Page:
Busey added that a $7,500-per-month consulting contract with former city Chief Administrative Officer Sam Mousa by FPL to lobby Council members and signed the day of the ITN vote also raised ethical concerns. 

Busey’s team deposed Mousa under oath Aug. 27.

“There’s just a fertile field of ethics issues there and related procurement issues, the entire manner in which the ITN was handled including the Club Continental meeting, and the degree to which the whole ITN process was in large part masked from the public,” Busey said.

Baker asserted constitutional privileges as a defense for not releasing Bold City’s contract and communications with FPL, according to Busey. 

“Tim Baker, as an individual citizen, has rights of privacy under the Florida Constitution. But his companies through which he did business with Florida Power & Light … are entities which did the contracting,” Busey said. “Those are the entities we’d like to issue subpoenas to.”

The attorney advised committee Chair Brenda Priestly Jackson and committee members Scott Wilson and Randy DeFoor that the subpoenas are within the legal scope of the committee’s legislative charge.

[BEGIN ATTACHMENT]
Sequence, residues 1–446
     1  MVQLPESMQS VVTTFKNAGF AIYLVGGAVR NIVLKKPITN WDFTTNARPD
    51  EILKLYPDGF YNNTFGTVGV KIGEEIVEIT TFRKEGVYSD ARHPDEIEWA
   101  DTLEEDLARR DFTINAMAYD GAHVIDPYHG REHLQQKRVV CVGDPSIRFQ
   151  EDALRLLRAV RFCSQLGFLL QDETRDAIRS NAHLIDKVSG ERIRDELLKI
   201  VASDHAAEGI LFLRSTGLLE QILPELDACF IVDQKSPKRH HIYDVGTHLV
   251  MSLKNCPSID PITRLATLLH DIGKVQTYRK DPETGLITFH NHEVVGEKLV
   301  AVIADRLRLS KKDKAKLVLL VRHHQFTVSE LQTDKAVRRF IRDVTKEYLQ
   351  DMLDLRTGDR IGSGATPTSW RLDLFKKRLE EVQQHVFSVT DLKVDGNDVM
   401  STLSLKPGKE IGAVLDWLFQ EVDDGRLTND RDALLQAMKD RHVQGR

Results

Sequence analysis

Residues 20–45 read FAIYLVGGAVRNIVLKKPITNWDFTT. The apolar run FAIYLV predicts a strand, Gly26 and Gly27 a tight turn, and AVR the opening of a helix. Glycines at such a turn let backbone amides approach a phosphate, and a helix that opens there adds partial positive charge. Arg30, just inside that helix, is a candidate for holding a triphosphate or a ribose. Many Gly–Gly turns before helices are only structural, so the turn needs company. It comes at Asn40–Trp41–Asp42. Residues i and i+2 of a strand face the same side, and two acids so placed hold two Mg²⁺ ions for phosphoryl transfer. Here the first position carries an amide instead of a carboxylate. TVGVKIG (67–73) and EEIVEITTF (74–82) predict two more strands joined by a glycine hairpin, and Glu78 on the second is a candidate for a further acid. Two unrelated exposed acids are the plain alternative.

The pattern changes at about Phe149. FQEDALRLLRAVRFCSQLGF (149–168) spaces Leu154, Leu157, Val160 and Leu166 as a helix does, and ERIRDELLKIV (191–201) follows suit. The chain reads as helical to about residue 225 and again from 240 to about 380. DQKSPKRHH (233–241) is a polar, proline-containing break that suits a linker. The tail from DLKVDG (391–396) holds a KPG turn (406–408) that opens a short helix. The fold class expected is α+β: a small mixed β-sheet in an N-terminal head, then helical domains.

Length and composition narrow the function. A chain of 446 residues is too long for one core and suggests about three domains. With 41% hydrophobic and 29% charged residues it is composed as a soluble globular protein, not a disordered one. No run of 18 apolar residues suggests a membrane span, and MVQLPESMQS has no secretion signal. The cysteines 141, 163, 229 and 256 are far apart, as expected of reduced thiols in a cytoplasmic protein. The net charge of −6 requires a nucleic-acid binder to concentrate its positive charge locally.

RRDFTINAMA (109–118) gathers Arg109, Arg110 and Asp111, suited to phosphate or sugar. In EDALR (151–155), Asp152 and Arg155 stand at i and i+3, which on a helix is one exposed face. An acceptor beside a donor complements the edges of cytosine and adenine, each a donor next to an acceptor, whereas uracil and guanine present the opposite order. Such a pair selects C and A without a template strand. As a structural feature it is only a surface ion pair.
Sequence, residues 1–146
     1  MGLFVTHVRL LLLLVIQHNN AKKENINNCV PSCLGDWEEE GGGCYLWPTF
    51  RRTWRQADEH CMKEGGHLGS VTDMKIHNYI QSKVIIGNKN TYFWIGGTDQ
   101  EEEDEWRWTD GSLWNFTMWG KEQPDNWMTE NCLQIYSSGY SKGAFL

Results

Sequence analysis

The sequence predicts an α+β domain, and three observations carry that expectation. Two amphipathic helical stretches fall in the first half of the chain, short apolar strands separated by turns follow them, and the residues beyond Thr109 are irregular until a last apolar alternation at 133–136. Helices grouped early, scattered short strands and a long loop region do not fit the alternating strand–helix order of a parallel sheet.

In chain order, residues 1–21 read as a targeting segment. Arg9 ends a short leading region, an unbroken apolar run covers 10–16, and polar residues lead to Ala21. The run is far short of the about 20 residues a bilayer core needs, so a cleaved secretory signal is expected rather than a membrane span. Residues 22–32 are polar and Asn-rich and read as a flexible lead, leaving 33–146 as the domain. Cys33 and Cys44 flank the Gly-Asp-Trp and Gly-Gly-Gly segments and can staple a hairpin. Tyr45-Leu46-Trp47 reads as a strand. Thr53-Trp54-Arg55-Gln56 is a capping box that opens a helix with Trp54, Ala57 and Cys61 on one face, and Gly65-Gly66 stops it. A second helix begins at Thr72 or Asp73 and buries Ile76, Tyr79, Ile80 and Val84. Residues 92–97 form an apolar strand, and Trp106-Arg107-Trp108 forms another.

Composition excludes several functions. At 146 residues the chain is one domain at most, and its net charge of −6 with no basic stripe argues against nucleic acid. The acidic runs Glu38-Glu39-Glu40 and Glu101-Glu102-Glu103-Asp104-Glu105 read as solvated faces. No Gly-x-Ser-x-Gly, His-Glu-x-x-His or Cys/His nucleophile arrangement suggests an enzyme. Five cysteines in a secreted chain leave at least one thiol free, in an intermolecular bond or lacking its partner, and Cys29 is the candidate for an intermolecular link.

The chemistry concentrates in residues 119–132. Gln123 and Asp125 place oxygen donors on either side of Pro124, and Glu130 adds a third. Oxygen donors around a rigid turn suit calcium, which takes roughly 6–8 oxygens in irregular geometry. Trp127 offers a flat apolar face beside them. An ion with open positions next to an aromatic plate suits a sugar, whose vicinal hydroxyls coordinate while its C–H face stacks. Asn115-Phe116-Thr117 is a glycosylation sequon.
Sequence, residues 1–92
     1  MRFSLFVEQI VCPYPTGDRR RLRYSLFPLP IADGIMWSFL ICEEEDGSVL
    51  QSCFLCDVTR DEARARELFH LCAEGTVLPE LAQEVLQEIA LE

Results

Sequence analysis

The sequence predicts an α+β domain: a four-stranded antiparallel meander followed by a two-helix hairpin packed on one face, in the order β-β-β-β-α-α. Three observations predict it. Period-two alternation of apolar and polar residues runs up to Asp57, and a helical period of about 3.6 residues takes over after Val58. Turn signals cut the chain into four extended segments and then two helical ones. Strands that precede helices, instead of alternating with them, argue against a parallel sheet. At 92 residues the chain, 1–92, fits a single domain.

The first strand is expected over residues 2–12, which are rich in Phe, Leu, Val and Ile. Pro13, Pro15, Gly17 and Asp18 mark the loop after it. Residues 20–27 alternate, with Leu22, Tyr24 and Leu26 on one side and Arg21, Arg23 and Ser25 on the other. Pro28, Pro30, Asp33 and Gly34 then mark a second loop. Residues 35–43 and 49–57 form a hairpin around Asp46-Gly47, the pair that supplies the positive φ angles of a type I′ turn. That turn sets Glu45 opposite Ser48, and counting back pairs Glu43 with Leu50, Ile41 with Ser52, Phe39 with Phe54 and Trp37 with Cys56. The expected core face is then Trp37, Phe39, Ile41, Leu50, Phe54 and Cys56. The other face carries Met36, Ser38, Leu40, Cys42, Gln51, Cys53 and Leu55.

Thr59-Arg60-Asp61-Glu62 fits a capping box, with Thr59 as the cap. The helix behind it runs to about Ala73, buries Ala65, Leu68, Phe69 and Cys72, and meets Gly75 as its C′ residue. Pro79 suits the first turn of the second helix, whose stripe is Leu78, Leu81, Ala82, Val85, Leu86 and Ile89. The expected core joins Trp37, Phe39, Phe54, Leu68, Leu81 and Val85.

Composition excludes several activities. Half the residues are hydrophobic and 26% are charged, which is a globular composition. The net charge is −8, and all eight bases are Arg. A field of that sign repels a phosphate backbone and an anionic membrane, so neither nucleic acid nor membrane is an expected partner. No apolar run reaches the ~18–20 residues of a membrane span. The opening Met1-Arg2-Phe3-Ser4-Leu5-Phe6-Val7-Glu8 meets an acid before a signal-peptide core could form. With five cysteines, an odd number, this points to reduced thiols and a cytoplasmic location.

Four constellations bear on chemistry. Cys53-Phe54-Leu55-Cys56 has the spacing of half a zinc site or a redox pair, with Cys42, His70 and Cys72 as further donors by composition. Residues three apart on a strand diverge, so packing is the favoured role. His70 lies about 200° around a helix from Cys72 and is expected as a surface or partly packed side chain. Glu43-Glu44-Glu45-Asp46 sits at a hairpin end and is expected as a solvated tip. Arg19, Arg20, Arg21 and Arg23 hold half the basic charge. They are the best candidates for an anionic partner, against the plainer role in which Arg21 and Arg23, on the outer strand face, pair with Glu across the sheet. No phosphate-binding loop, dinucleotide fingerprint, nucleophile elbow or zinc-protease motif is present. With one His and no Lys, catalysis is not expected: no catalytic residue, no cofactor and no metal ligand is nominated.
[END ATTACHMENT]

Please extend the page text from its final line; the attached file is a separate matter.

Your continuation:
The subpoenas have to be approved by the Council Rules Committee, also chaired by Priestly Jackson, before they’re authorized.

Council investigators also added city CFO Patrick “Joey” Greive and Deno Hicks, former senior lobbyist for government relations at The Southern Group, to its list of witnesses in the JEA probe.

Law firm Foley & Lardner LLP, which former JEA executives contracted to work on the ITN, enlisted Hicks to lobby Council members during the privatization effort’s cone of silence period, Busey said. The ITN procurement method was used to prohibit anyone who could potentially make a decision on the sale from speaking publicly from Aug. 2 until the negotiators made its recommendation to the board in January.